Sweet apple-tree, and a tree of crimson hue,

Which grows in concealment in the Wood of Celyddon;
Though sought for their fruit, it will be in vain,

Until Cadwaladyr comes from the conference of Cadvaon,
To the Eagle of Tywi [Tweed] and Teiwi [Teviot] rivers ;
And until fierce anguish comes from Aranwynion,
And the wild and long-haired ones are made tame."

This is one of the oldest poems in British literature; and it comes to us now as a sad wail from the depths of the Wood of Caledon, a note highly characteristic of that emotional Cymric temperament, which is powerful in impulse, daring in the onset, but, when baffled or defeated, is not effective in resource-rather finds relief in sentiment, in bewailing and denouncing the harshness and the hardness of the adverse order of things.

Cadwaladyr, the son of Cadwallawn, was the great hope of the Cymric race; and under his father, who died in 659, the century succeeding Merlin, the Cymri had a short-lived success against their AngloSaxon opponents. But this hope of the Cymri was

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extinguished by the death of Cadwaladyr, in the pestilence of 664.1

Of Merlin personally we have one interesting notice in the verses of his friend and master Taliessin ::

"And the load that the moon separates,
The placid gentleness of Merlin."

"2

In other words, the bard, in his lucid intervals, was gentle as the fair light which the moon sheds abroad in heaven, through the break of the cloud which passes over it.

In the twelfth century, a Life of Merlin in Latin hexameter verse appeared-(Vita Merlini Caledonii, 1150). It is attributed to Geoffrey of Monmouth. By this time. the mythic element had grown in a great measure round the historic character. Geoffrey represents Merlin, and, doubtless, on the ground of local tradition, as frequenting a fountain in the wilds of the Caledonian Forest. The fountain is on the summit of a mountain; it is shaded by hazels, and girt round by low copse-wood, or shaws. There Merlin was in the habit of sitting and gazing on the wide expanse of woods around him. He watched the sportive movements of the creatures of the wilds, seeking thus to soothe the phrenzy of his brain.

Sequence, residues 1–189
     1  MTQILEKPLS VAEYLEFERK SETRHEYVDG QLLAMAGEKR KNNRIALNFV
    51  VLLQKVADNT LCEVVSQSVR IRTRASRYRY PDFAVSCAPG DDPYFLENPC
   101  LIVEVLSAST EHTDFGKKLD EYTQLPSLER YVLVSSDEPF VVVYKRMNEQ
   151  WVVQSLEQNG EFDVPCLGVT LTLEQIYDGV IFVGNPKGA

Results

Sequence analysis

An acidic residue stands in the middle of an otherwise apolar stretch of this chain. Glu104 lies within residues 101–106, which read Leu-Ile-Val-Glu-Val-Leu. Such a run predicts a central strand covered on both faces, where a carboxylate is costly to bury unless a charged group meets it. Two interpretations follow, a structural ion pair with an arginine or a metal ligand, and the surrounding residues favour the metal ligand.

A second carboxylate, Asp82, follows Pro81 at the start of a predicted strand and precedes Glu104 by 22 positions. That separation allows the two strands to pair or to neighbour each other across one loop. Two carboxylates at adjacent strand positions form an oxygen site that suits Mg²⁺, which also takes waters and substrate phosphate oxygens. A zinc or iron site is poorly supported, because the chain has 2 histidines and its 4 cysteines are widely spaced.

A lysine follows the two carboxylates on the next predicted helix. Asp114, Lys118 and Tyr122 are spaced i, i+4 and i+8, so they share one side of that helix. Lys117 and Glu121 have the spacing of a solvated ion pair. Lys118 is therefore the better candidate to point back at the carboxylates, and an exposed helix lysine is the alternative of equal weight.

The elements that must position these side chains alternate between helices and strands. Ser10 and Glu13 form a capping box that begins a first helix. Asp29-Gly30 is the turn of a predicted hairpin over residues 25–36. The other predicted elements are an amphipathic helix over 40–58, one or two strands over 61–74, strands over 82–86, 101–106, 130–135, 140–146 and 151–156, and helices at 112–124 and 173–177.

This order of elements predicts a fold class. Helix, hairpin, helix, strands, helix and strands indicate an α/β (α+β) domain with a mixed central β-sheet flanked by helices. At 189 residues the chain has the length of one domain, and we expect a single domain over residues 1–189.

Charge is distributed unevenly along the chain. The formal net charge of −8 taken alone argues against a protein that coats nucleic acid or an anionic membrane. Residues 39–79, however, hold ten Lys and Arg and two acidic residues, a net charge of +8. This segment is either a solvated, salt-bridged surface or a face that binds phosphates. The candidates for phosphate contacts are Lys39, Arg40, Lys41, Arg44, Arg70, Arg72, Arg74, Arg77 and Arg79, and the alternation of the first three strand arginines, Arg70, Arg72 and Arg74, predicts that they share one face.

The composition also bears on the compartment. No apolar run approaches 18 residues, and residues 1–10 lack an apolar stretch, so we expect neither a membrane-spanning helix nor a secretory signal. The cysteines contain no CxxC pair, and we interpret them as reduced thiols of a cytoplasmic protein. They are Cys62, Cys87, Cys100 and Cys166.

As late as the time of James V., Merlin the Wild was in popular repute as prophet and bard. Sir David Lindsay amused the youthful king with "The prophecies of Rhymer, Bede, and Merlin." Certain prophecies of Merlin were current, and believed

to have had their

1 Skene, Books of Wales, i. 73.

2 Ibid., ii. 534.

fulfilment about that period. This was especially true of his prediction regarding the death of the Regent Morton:

"In the mouth of Arran a selcouth [wonder] shall fall,
Two bloody hearts shall be taken with a false traine,
And derfly dung down without any dome."

The heart was the cognisance of Morton; and he was committed before his trial to James Stewart, the new Earl of Arran. In the execution of Morton there was fulfilled, according to popular belief, Merlin's "falling of the heart by the mouth of Arran." 1

These and other prophecies of Merlin, like those attributed to the Rhymer, were, of course, simply either mythical elaborations, or forgeries for political purposes of later times.

Merlin the Wild, in his wanderings, was haunted by a female form, known originally as Hwimleian, or Chwifleian, meaning "the gleam." This figure would appear and then disappear before him. She sought to shut him up, as he imagined, in one of the lonely crags of the hills, there to have him in her power, and to hold him for ever in bonds of affection. We can well understand how the phrenzied imagination of the bard saw this figure in the glint of light that struck through the mist overhead; and how he watched it pass away across the glen as the hill haur darkened over the face of the sun; how he would dread it lurking in the shadows of the hazels, and see it in the moonbeams as they made lustrous the clear waters of his fountain. There can be no doubt that the Hwim

1 Minstrelsy, iii. 206.